© Yoon Kalim

Goymsang Installation

Nikolaj Kunsthal

‘Making Dasik’ & ‘Goymsang’

I've always had an interest in the part of my work where I’m storytelling the overall situation of the space by using few devices that I've made.

These things are specifically revealed through experiments where I attempt to induce experience that stimulate and renew the sense which all occur by being confronted with the overall effect of the arrangement of space, color, sound, or materials that can be felt specifically and touched.

In this work ‘Making Dasik’ I intend to stretch the idea of contact to learning the art of making ‘Dasik: Korean traditional pressed sweets from the existing court cuisine craftsman and to study the action that takes place by reflecting the meaning of the tradition to us through the consciousness of reproducing with the participants in the exhibition and conveying it to another culture.

In the work ‘Goymsang’ I borrowed form from the traditional way of table setting which was set up for a big feast of the first birthdays, marriages, sixty-first birthdays and memorial ceremonies which is very religious and has a symbolic flavor and style.

The folding screen that decorates the back of the table embodies the cultural exchanges by embroidering images of 19th century European plant illustrations using Korean traditional embroidery techniques.

These works can be an extended-level metaphor about time, traces, and objects that are forgotten and vanished in our memories.

Burnett’s Plants, Korean embroidery on silk, copper frame, 40x170cm 4pcs, 2019
Goymsang 고임상, Korean traditional sweets, copper plates, dimension variable, 2019
Dasik, Workshop for making korean pressed sweets, dimension variable, 2019

From gaming industry with interactive games where you get points for being social, to painted animal skins, a borderland in flames, water as a tool for healing, live cake performance and archeological finds in LEGO format. Korea contains more than what the media portrays on a daily basis.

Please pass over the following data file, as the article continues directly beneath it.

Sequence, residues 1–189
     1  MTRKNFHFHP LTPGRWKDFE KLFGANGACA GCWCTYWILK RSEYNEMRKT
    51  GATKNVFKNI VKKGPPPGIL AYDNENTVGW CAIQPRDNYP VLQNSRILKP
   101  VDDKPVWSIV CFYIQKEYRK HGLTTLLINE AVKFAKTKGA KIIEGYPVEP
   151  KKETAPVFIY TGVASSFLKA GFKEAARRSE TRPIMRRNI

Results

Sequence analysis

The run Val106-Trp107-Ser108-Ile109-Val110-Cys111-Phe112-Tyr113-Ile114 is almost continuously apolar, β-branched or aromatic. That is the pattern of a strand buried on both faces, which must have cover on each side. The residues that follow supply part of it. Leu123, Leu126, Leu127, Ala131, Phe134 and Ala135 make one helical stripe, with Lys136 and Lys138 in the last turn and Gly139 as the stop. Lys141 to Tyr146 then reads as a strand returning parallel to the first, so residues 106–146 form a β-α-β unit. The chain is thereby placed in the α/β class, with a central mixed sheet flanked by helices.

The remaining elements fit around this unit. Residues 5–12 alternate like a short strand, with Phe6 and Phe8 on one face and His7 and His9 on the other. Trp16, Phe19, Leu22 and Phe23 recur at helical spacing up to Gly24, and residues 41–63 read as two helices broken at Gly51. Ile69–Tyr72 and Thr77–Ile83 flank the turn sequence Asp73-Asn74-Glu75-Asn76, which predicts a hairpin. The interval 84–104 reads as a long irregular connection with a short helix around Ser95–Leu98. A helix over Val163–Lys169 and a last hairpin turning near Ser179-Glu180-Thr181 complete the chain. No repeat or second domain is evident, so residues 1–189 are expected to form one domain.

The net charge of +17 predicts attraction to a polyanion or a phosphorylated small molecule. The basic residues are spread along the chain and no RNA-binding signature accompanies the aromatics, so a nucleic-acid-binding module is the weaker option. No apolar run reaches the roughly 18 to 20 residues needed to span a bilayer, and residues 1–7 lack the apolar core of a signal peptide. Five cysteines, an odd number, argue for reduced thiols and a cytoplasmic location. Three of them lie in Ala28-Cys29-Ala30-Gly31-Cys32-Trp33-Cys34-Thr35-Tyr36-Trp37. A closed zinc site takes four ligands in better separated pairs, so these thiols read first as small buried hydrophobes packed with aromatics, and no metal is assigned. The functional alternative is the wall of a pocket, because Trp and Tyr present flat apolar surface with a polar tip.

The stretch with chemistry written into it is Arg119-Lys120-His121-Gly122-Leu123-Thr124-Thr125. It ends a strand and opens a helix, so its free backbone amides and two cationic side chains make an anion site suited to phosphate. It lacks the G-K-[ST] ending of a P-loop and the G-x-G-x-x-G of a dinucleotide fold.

With two exhibitions throughout the summer, Nikolaj Kunsthal will have ample opportunity to both get an insight into Korean antiquity and at the same time get an overall impression of what is moving on the Korean art scene in these years.

In the exhibition The Way A Hare Transforms Into A Tortoise / KOREA IN DENMARK, on the occasion of the 60th anniversary of the Danish-Korean diplomatic relations, the focus is on the art landscape in Korea. Here you can, among other things, experience an interactive game where you get points depending on how good you are at mingling with the other computer-generated characters that move around the room. In another work, water in various forms is experienced as an important healing tool for the artist, who as a child himself was the victim of a fire. With important art events such as the Media Biennial in Seoul as well as the Gwangju and Busan Biennale, Korea is definitely an interesting country to turn its attention to when it comes to contemporary art.

Participating artists are: Yoon Kalim, Beak Jungki, Lee Chunghyung, Jang Junho, Rohwajeong, Chu Mirim, Jang Jongwan, Kwon Hayoon and Cho Hyun, all of whom reside in Korea.


With the name of the exhibition The Way A Hare Transforms Into A Tortoise / KOREA IN DENMARK, reference is made to Aesop's Fables and the story of the race between the hare and the turtle. In the tale, the turtle wins because the fast hare feels confident of winning and falls asleep halfway through the race. The exhibition spans all floors and offers a variety of insights into Korea's cultural identity. An identity that since the Korean War has developed rapidly in the south and has grown into a large economy with a thriving popular culture that is recognized far beyond the country's borders.

The exhibition is curated by Helene Nyborg Bay in collaboration with the Korean curator Inseon Kim and shows nine artists, several of whom have created new specific works for Nikolaj Kunsthal.

Exhibition Period: 29 June to 8 September 2019
Opening: 28 June at 16.00 - 20.00
Opening Hours: Tuesday-Friday at 12.00 - 18.00, Saturday-Sunday 11.00 - 17.00